This is a photo of the synagogue in Katowice, taken sometime in the 1930s.
Katowice was this Polish-German city. There weren't many Jews and they were mostly progressive. I don't remember any Jews with beards, side locks.
Orthodox Jews, if there were any, lived in Sosnowiec, Bedzin, in that area. There was no Jewish district in Katowice. Jews were scattered throughout the city, they lived where they wanted.
In Katowice people used to drive their cars to the synagogue for the holidays. This was a western fashion, you could say German. Their religiosity was not very strong. Even those who were not religious celebrated the holidays, because that was the tradition.
It was a reformed synagogue. I think there was no mikveh in the city, no talmud torah or cheders. I remember the synagogue was very beautiful, large. I think the women had their own separate part, upstairs.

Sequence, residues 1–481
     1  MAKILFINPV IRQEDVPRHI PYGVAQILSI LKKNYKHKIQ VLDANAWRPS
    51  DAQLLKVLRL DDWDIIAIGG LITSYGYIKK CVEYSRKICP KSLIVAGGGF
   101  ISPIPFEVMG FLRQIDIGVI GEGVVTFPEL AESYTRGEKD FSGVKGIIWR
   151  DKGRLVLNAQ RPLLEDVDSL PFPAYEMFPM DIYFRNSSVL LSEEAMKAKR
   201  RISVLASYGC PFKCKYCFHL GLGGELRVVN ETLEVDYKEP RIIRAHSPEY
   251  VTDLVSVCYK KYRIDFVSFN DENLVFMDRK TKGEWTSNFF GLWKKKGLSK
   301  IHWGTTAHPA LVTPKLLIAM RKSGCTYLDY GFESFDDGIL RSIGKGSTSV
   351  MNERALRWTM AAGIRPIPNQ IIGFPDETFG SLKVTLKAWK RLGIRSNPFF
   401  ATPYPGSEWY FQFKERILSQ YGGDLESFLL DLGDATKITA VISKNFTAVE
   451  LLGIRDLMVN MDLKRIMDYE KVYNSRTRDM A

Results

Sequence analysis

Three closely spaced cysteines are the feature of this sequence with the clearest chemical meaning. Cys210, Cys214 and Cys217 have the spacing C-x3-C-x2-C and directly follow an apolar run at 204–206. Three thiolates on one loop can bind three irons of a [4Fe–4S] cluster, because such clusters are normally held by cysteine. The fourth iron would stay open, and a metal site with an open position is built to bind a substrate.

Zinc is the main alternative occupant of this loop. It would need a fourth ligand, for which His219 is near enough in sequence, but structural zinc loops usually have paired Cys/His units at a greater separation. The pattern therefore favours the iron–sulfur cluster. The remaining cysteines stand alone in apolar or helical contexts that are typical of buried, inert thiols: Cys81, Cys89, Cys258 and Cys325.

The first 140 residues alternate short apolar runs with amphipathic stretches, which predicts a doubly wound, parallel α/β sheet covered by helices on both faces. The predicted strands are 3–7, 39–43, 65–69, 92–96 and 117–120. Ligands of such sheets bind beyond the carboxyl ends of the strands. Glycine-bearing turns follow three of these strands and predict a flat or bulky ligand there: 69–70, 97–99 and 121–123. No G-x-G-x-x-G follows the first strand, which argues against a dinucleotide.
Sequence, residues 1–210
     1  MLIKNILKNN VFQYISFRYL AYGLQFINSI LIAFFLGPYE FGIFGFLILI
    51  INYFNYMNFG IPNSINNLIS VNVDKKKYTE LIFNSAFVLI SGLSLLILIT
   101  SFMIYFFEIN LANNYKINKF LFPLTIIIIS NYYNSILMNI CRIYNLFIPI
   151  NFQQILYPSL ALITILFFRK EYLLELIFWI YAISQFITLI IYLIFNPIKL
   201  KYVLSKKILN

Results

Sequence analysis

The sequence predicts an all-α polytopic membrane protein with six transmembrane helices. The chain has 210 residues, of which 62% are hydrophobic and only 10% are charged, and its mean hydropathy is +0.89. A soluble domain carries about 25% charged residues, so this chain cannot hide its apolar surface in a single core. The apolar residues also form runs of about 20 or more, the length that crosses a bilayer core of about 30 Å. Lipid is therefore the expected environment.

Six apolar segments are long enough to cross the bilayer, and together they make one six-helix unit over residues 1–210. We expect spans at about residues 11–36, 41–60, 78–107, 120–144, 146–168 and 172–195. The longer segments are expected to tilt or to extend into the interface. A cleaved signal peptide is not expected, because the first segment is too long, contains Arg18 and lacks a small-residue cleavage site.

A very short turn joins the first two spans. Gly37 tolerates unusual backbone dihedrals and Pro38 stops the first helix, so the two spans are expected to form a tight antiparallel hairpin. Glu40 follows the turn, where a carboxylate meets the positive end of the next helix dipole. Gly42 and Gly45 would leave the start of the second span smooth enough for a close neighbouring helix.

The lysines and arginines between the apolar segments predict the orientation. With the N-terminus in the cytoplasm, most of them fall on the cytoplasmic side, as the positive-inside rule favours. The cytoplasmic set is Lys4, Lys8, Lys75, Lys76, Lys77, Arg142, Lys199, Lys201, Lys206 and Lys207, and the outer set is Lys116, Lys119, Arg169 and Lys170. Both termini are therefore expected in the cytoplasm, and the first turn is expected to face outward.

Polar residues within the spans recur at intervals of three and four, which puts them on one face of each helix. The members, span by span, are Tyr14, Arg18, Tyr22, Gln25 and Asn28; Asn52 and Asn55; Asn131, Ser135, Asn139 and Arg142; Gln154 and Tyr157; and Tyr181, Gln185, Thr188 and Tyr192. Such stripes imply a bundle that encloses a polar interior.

There were also services on Polish national holidays, for example on the 3rd of May. In addition, when Pilsudski died, there was a service, we all cried. The service was in Polish and the rabbi talked about the Marshal.
There was singing, 'Boze, cos Polske' [Polish, 'God, you protect Poland,' a song from 1816 considered to be one of the Polish national anthems]. The entire school gathered in mourning, everyone.
We had two rabbis in Katowice. One was called Doctor Vogelman. The second one was Doctor Hajmades, who had a beautiful wife and he was, in general, very European, with a small beard, elegant. And Doctor Vogelman was more traditional, with a longer beard.
I sometimes went there to ask him whether a specific hen was kosher, my mother would send me. He lived very close to us, on 3 Maja Street. I was really ashamed to do this, I was shy and going to the rabbi was a huge event for me.